I always loved a good Brookside style rant. In its last few years, this show became a jumble of bizarre nonsense, but from its start in 1982 to the early 1990s, it was startlingly brash and realistic - in a soap sense, of course...
In 1980, we left the boring and depressing (and nowadays ridiculously hyped and rewritten) 1970s behind. The '70s were hopelessly overshadowed by the '60s (would we never shake off flared trousers or ghastly middle class pomp rock?).
In 1980, it felt like high time for a new decade.
The '80s are now reviled as the cause of all modern ills, but as we sit here, steeped in apathy, heaped high with possessions which were new, unavailable or too expensive for many of us back then, can we really believe we were greedier? And was that decade, which contained a maelstrom of conflicting ideologies and technological clunkiness, really so decisive? Did the decade of yuppies and Thatcher, Greenham Common and the miners' strike, Clause 28 and Red Wedge really set the seal on now? In 1990, were things really irreversibly set on this course?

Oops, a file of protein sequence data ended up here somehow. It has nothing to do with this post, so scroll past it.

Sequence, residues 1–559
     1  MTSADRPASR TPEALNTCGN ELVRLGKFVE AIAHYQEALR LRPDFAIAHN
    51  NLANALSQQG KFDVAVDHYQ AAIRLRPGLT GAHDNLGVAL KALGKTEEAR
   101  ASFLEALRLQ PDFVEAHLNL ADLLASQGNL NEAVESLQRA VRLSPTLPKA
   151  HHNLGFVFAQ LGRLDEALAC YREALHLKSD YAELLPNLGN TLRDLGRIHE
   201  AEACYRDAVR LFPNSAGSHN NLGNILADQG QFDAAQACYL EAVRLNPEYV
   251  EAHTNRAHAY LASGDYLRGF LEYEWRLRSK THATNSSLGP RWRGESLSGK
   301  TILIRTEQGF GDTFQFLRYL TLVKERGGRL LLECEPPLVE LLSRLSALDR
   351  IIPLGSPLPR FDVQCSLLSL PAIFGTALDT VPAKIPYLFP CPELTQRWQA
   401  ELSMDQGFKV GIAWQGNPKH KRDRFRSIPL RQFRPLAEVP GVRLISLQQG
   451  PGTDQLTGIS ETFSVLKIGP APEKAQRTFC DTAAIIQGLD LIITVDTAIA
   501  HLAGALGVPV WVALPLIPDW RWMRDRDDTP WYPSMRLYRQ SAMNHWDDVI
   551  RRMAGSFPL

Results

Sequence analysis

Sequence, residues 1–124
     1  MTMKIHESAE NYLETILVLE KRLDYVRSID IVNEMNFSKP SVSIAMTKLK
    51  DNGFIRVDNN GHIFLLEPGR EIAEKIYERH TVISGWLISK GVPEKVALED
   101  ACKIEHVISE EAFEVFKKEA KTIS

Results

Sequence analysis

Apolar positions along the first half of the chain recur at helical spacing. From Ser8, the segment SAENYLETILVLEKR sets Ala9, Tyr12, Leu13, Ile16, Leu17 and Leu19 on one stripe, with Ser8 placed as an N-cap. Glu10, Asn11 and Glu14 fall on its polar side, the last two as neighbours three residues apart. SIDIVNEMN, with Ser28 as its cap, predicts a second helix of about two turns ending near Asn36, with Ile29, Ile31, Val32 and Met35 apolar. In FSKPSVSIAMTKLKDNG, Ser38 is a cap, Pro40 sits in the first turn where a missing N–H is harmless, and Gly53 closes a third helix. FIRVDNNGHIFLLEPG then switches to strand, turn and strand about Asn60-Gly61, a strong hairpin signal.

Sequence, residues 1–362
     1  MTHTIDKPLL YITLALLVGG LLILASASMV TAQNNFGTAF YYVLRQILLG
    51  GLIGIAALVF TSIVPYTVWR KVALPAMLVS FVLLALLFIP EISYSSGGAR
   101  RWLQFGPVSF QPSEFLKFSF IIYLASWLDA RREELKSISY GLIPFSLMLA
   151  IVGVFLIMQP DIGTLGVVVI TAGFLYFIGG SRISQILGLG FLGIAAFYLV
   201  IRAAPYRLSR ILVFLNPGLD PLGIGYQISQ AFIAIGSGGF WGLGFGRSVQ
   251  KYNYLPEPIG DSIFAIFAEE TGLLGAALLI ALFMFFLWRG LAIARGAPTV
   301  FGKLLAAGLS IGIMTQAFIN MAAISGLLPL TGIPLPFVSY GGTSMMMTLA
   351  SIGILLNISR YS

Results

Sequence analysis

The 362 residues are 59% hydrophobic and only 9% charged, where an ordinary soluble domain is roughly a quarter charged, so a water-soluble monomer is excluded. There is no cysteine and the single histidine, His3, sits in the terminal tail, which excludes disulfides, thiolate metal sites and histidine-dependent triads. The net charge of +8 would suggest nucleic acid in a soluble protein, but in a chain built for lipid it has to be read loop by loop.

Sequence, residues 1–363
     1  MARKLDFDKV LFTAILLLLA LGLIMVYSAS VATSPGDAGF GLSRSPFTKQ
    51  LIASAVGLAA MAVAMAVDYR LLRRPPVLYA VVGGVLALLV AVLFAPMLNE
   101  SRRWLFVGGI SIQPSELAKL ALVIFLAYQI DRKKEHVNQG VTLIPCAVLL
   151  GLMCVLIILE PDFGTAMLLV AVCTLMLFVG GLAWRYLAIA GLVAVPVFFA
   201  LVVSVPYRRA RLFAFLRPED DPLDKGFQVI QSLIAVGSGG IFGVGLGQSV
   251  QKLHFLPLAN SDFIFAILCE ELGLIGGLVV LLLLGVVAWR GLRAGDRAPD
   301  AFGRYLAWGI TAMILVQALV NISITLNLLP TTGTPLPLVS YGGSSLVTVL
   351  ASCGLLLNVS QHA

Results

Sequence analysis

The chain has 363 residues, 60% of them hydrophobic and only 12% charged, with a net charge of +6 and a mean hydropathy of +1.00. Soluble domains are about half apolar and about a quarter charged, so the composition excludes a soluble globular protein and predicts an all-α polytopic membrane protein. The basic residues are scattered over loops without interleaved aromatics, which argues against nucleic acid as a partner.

I believe not. Seeing the first episode of revolutionary Channel 4 soap Brookside again brought a lot back. The '80s had a great deal of zeal and spirit - and many people did not spend it attaining loads of dosh. Oh sure, the yuppies existed, and there was a greedy, almost pantomime element to the mid-decade, but it fizzled in 1987, and there was always plenty else going. Things polarised. Clashed. There was uproar.
Stuff the 70s hype. If you look at media from that decade you realise that only geeky, comfortably off middle class kids were living in a hippie '60s afterglow and the majority of us were bloody fed up, with 1930s, 1950s and 1960s retro lapping all around us.
Stuff blaming the '80s for now. Now is now and the people of today are responsible.
Oh dear. I'm becoming a ranter. Let's go and watch Big Brother or listen to our Pink Floyd LPs, shall we?